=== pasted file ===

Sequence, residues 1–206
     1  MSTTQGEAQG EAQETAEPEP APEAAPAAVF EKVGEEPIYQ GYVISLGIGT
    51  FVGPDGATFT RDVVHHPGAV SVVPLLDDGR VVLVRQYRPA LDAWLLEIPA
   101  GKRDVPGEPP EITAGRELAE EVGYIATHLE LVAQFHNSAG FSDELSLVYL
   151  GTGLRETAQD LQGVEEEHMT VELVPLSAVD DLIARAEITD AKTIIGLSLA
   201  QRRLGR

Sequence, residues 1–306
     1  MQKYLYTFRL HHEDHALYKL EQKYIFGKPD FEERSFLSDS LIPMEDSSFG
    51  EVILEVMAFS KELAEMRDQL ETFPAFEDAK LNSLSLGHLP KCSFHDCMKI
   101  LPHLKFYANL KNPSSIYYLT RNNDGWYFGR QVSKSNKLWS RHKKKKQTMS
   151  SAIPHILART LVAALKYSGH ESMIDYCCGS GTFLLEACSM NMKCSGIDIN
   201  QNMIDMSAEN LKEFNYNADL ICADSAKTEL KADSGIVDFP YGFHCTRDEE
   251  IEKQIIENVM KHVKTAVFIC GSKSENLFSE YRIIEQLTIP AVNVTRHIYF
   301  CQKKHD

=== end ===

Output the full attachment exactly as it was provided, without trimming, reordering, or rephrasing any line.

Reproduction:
Sequence, residues 1–206
     1  MSTTQGEAQG EAQETAEPEP APEAAPAAVF EKVGEEPIYQ GYVISLGIGT
    51  FVGPDGATFT RDVVHHPGAV SVVPLLDDGR VVLVRQYRPA LDAWLLEIPA
   101  GKRDVPGEPP EITAGRELAE EVGYIATHLE LVAQFHNSAG FSDELSLVYL
   151  GTGLRETAQD LQGVEEEHMT VELVPLSAVD DLIARAEITD AKTIIGLSLA
   201  QRRLGR

Sequence, residues 1–306
     1  MQKYLYTFRL HHEDHALYKL EQKYIFGKPD FEERSFLSDS LIPMEDSSFG
    51  EVILEVMAFS KELAEMRDQL ETFPAFEDAK LNSLSLGHLP KCSFHDCMKI
   101  LPHLKFYANL KNPSSIYYLT RNNDGWYFGR QVSKSNKLWS RHKKKKQTMS
   151  SAIPHILART LVAALKYSGH ESMIDYCCGS GTFLLEACSM NMKCSGIDIN
   201  QNMIDMSAEN LKEFNYNADL ICADSAKTEL KADSGIVDFP YGFHCTRDEE
   251  IEKQIIENVM KHVKTAVFIC GSKSENLFSE YRIIEQLTIP AVNVTRHIYF
   301  CQKKHD